Starting at 11am we’ll be live blogging the events at the ACT-UP 25th anniversary demonstration below.
AIDS activists have historically been a cohesive movement: able to work together on similar goals, through a variety of tactics, despite varying socio-economic, sexuality, race and gender backgrounds. Granted, there have been some explosive differences; particularly in San Francisco. One of the more volatile situations that comes to mind involves ACT UP SF throwing the contents of a cat litter box at Larry Kramer. However; when it comes down to it, we have been supportive of each other because we need to be. Being HIV+ is still criminalized and vilified, and poz people are still outlaws in our society.
I am finding my ideals located in awkward places during this odd, Saturn’s Return-esque moment of my life. Specifically, I’m finding myself doing activism around or advocating ideas that directly counter what I would have done in my early 20’s.
This came up for me while reading Sadie’s very smart piece Un-Money Shots: The Top 5 Porn Moments You Don’t See. She wrote about those pesky mundanities of porn life that the viewer is shielded from, one of which is the condom application scene.
Talking about the ‘moral responsibilities of the porn industry’ comes dangerously close to another issue currently tearing up the porno landscape — the banning of condomless porn production in California.
Now, I totally agree that in porn where protected sex is displayed, the inclusion of a ‘putting on the condom’ scene would be fantastic. The ‘I Dream of Jeanie’ esque eyelid blink appearance of a condom is childish. Sex workers, with our glamour and grace, do have the skills to eroticize acts previously thought unappealing — from a dick check to double penetration. Putting on a condom should be one of those acts. However, talking about the ‘moral responsibilities of the porn industry’ comes dangerously close to another issue currently tearing up the porno landscape — the banning of condomless porn production in California.
I’m an HIV educator and an AIDS activist, as well as being a sex worker who has done porn as both a cis-woman and a trans man. I am not unaware that my preaching against condom usage seems suspect, considering my background. But bear with me while I tell you the sordid tale of AIDS Healthcare Foundation VS The LA Porn industry and why it is this side of the fence that I stand on.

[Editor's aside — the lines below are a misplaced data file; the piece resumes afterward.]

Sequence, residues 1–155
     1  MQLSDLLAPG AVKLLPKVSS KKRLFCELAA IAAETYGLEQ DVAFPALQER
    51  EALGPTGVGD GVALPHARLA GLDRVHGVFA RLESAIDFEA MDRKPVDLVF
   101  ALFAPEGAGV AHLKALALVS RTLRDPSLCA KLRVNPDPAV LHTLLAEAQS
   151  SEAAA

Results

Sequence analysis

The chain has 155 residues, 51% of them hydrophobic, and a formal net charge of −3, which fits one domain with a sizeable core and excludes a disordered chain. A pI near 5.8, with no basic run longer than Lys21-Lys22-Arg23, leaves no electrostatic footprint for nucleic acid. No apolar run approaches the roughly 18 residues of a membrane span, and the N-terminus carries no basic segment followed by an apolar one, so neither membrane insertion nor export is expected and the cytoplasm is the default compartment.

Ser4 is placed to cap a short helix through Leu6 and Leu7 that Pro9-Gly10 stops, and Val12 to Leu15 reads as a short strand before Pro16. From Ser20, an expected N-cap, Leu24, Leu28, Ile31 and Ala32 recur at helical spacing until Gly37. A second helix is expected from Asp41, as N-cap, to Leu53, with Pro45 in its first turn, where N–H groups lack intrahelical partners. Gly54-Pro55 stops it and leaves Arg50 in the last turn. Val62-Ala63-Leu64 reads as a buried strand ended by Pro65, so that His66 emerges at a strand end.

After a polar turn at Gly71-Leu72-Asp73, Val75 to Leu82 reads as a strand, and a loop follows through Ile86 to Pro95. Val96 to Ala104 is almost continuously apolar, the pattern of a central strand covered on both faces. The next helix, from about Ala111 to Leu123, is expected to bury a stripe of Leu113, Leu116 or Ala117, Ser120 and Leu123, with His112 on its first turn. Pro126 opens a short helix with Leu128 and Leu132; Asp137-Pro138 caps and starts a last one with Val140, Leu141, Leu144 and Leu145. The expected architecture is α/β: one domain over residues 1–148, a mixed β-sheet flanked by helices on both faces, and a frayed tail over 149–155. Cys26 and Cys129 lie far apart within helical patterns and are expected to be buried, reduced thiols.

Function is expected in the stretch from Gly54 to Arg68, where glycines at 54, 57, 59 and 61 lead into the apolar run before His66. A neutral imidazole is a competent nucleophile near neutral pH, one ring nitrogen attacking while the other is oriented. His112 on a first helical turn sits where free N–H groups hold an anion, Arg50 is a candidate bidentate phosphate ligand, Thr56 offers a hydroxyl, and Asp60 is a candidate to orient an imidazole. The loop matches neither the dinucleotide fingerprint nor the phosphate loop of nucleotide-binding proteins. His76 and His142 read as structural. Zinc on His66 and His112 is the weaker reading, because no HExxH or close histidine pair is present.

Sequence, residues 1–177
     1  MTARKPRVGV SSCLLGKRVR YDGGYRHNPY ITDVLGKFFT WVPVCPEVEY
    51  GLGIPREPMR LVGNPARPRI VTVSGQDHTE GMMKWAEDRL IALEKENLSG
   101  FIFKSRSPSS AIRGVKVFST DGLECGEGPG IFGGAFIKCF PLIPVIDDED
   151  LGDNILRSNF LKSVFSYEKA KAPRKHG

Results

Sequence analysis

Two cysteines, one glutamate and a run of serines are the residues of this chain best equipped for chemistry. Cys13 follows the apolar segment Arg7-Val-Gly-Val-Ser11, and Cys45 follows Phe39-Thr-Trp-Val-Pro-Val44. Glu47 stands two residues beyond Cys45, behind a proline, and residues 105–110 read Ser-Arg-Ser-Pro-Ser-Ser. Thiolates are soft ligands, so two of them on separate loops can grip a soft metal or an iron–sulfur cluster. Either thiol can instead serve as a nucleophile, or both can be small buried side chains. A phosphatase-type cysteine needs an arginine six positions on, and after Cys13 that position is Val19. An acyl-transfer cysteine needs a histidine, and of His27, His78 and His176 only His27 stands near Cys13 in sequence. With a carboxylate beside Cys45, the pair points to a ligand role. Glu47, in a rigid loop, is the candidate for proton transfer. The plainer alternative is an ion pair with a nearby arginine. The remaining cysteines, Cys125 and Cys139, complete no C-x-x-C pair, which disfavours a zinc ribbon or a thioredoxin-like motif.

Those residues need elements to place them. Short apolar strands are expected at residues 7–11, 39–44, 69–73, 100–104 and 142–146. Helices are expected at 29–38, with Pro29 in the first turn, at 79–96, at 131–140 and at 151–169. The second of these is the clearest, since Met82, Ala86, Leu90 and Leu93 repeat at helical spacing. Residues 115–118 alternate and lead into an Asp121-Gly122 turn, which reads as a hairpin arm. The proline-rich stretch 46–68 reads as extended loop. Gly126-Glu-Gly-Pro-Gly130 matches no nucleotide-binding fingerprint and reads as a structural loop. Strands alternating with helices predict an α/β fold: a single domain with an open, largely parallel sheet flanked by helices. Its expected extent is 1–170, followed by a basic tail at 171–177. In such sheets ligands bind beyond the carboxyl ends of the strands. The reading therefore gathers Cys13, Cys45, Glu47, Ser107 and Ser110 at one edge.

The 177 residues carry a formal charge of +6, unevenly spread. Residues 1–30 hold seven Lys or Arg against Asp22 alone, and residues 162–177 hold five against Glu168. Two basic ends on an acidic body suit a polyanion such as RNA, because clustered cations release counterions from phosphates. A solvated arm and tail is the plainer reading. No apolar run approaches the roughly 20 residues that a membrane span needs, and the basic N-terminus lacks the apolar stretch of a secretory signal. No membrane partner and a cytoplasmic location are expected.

This is the text of a speech given by Morgan M. Page at the Toronto Trans March, on July 1, 2011.
Dear Trans Community,
Why have trans activists in Canada made no collective statements in favour of the decriminalization of sex work – something that would effectively end the imprisonment of the majority of incarcerated trans people?
My heart is heavy today. I love you, I do, but some things have been weighing on me. Earlier this week I watched in horror as a room full of trans and queer activists applauded enthusiastically when someone suggested that our activist efforts should not be so focused on trans people of colour and trans sex workers because “all trans people face the same issues.”
I want to talk to you about Trans Issues. Whenever I’ve asked about just what these issues are I’ve been told that they are discrimination based on Gender Identity and Gender Expression, and that what we need most is protection under Bill C-389. A bill that would explicitly extend human rights protections on these grounds. Many activists tirelessly put in huge amounts of work trying to get this bill passed, and when the election was called all of their hard work was lost. I want to take a moment to thank them for their dedication.
However, I need to say that I disagree with you. Extending human rights protections is a noble cause, but it is not the be-all and end-all of Trans Rights.
Today, on the 30th anniversary of the now famous/infamous New York Times article, “Rare Cancer Seen In 41 Homosexuals”, announcing the beginning of what would become the AIDS crisis, I offer you a list of my most favorite and my least favorite translations of this disease into narrative form.
AIDS is like the best plot device ever for the lazy screen writer. The conflict for the protagonist is at once external (discrimination) and internal (disease) which makes it easy for a lazy writer to lean on. For the audience, it is exciting, and implies at least one salacious sex scene. Straight audiences can watch with a sense of lurid pity and feel like they are really educating themselves, while gay people are mandated by Paragraph 498, section B of the homo code to watch all AIDS films. In tribute to the style of Diseased Pariah News, I made myself watch, and review, 10 AIDS movies in 10 days. Here are the results – 5 good, 5 bad, bad ones first cuz I love to hate. Please note: I would have watched RENT just to trash it – after reading Stagestruck by Sarah Schulman – but honestly, I watched a trailer and it was like AIDS Glee and I couldn’t deal.